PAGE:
The transitional arrangements capacity market auction dedicated to demand-side response (DSR) has cleared at £45 per kilowatt, nearly double the price achieved in last year’s auction.
Out of the 373MW of DSR that entered the auction 312MW – or 84 per cent – won contracts.
The auction for delivery in 2017/18 was conducted using the “descending clock” process whereby bidders decided to either stay in or drop out as the asking price was gradually reduced, until remaining capacity matched the procurement target and the auction cleared.
The target buy was set at 300MW, but with a 200MW variation depending on the price. Just 100MW would have been bought at the £75 per kilowatt (/kW) price cap and 500MW if the price had fallen to near £0/kW.
The auction cleared in the sixth round of bidding covering the price range £50/kW to £45/kW. As there was not an exact match between the target buy and the remaining capacity, the clearing price and volume were determined by an algorithm.
The volume procured was down significantly on last year’s auction when 803MW of contracts were won, reflecting the government’s decision in May last year to block any generation-based DSR from entering, leaving just turn-down services. Of the 312MW which won contracts in this year’s auction, 275MW was proven and 37MW unproven.
Contracts were won by ten companies: UK Power Reserve, Limejump, Eon, EnerNOC, EDF Energy, Energy Pool, Kiwi Power, Smartest Energy and Tata Steel. EnerNOC took home the biggest share (87MW), followed by Kiwi Power (60MW) and Smartest Energy (35MW).
Commenting on the results of the auction, Smartest Energy’s vice president of asset optimisation Robert Owen said: “We had positive price expectations going into the auction but this is far higher than predicted. We believe this is because there was significant drop out of capacity from pre-qualified levels against an unadjusted target. It does reflect the level of prices needed to encourage DSR from many sources.
“The high price is good news for the contract winners and will help to build confidence for businesses to participate in DSR.”
This year’s transitional arrangements (TA) auction was the last of just two, meaning from now on DSR will only be able to vie for capacity contracts in the main auctions. Owens said his firm was concerned that DSR may “struggle to compete” alongside existing and peaking generators in the next auction and that a significant drop in price could mean “we lose momentum”.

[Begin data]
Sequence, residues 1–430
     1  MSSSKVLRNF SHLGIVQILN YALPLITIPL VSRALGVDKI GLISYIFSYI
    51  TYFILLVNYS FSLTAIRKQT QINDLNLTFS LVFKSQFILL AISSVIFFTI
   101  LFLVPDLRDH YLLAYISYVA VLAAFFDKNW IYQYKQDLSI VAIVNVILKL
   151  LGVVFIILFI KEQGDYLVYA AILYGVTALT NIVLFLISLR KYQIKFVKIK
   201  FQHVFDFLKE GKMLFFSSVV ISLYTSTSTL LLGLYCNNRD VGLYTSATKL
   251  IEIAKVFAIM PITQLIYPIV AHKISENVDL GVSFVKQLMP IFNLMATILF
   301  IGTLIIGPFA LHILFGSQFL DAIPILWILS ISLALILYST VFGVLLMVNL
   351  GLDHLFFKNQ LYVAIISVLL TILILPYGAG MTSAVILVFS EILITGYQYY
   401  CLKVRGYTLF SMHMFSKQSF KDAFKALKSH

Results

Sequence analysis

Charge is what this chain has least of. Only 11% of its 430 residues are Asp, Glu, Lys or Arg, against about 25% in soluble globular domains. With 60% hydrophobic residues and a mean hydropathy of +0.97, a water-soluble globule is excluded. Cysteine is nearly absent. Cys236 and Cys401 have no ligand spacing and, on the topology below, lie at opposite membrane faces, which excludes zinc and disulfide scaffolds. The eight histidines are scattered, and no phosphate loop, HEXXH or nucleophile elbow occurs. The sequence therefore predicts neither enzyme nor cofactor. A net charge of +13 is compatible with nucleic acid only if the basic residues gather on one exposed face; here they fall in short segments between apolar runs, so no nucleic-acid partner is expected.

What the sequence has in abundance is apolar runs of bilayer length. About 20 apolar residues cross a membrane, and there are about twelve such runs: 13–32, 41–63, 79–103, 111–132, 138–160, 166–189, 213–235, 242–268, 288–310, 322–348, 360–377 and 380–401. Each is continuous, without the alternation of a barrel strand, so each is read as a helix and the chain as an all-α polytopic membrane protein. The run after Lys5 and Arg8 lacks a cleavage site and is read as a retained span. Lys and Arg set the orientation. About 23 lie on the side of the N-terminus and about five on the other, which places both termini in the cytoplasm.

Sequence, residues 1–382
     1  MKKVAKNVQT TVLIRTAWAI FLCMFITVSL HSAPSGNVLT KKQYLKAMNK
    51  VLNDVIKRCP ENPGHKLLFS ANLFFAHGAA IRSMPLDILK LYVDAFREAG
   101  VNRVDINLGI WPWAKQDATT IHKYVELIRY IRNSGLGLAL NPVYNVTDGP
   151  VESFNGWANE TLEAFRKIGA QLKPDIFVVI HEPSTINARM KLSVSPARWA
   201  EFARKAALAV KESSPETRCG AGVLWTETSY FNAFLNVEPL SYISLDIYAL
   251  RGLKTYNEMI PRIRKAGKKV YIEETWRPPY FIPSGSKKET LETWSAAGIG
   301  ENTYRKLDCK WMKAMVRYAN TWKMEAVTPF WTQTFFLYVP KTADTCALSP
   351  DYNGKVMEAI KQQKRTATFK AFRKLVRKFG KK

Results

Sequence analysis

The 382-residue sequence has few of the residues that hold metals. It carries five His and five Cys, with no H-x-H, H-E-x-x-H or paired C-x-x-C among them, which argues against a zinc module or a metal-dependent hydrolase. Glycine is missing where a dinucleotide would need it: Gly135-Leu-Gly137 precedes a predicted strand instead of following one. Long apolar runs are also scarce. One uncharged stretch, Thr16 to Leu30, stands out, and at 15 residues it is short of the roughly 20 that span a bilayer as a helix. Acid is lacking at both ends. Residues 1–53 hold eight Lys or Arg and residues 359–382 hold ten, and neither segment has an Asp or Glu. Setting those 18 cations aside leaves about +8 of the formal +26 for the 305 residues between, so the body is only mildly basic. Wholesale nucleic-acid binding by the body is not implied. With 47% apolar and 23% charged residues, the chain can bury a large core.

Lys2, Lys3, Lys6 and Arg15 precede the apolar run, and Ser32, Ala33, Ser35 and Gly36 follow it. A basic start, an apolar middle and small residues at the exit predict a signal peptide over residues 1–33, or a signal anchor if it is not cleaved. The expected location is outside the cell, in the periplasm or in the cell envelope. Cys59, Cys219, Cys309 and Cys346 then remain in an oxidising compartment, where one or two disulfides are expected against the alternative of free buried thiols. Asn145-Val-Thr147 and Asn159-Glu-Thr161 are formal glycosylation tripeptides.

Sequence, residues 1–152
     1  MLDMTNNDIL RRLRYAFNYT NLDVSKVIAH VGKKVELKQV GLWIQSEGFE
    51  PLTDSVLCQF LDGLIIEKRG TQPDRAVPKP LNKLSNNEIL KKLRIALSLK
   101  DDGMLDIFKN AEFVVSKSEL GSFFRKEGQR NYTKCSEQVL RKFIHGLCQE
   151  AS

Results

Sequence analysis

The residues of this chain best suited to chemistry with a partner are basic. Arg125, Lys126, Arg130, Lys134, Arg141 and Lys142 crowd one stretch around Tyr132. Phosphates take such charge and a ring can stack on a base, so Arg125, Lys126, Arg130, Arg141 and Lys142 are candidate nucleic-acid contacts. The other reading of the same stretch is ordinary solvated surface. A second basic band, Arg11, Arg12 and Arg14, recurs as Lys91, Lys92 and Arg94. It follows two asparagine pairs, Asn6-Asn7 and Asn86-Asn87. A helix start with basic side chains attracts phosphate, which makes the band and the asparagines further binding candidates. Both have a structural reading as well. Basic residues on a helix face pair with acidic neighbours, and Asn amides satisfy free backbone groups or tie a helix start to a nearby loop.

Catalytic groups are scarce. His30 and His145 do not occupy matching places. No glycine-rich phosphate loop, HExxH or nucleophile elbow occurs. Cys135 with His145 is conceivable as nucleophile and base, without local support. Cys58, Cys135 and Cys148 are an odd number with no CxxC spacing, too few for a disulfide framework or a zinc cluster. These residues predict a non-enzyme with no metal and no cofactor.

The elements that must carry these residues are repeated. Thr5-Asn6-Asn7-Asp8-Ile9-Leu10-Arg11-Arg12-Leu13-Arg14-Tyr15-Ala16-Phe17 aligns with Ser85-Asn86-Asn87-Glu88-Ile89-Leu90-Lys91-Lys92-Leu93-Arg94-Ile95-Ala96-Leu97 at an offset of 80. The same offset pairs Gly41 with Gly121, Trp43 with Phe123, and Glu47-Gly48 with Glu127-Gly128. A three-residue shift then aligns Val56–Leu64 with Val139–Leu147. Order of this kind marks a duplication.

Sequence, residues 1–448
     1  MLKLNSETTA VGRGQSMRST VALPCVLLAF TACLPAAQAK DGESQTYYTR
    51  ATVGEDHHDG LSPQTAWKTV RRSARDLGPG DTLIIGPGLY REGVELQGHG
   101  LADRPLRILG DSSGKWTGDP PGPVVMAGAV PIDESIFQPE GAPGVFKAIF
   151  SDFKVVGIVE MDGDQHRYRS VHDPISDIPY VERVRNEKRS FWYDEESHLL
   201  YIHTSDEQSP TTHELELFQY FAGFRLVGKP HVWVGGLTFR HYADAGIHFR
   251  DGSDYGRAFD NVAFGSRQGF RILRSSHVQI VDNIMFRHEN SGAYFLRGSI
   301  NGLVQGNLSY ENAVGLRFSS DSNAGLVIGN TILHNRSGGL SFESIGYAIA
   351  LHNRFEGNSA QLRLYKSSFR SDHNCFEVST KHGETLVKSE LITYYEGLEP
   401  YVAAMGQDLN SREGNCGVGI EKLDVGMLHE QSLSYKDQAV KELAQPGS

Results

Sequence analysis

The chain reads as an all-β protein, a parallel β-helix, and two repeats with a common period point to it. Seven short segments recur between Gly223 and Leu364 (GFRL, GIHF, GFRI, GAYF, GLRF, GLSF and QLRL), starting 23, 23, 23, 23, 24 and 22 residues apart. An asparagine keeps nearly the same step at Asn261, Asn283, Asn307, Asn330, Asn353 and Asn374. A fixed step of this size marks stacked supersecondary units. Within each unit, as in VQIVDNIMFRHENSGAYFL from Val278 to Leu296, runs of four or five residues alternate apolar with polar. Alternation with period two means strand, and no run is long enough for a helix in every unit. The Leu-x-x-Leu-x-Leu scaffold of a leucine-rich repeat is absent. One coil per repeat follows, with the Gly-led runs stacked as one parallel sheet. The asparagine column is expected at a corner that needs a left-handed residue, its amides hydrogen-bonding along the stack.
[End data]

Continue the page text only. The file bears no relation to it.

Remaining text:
“We would like to see confirmation from National Grid that support will be provided to help DSR gather more momentum and make a significant contribution to the UK’s energy mix,” he added.
Limejump chief executive of co-founder Erik Nygrad said: “The result of this auction is a resounding success for demand side response and will act as further encouragement to businesses considering whether to participate in these schemes in the future.”
Tim Rotheray, director of the Association for Decentralised Energy said: “[Yesterday’s] results are returning value to energy users for helping keep the lights on, while also cutting emissions through zero carbon demand response.
“Instead of paying power stations to increase supply, businesses will be managing demand in innovative ways while meeting all their energy needs leading to a more efficient, more affordable and lower carbon system.”
UK Power Reserve chief executive Tim Emrich commented: “We are continuing to build our portfolio via the UK’s capacity mechanism and look forward to working with new clients to manage their demand turn down…
“We see DSR and storage as critical components of a smart and flexible future energy system. We urge policy makers to be consistent in their support for small players like UK Power Reserve which are providing healthy competition to the big six incumbents resisting the creation of a decentralised system which works for consumers.”
In December, DSR won contracts totalling 1.4GW in the latest four-year-ahead (T-4) auction for delivery in 2020/21 which cleared at a price of £22.50 per kilowatt per year.
A further of 209MW of contracts were secured in February in the early auction for delivery in 2017/18 which cleared at a record low price of just £6.95/kW.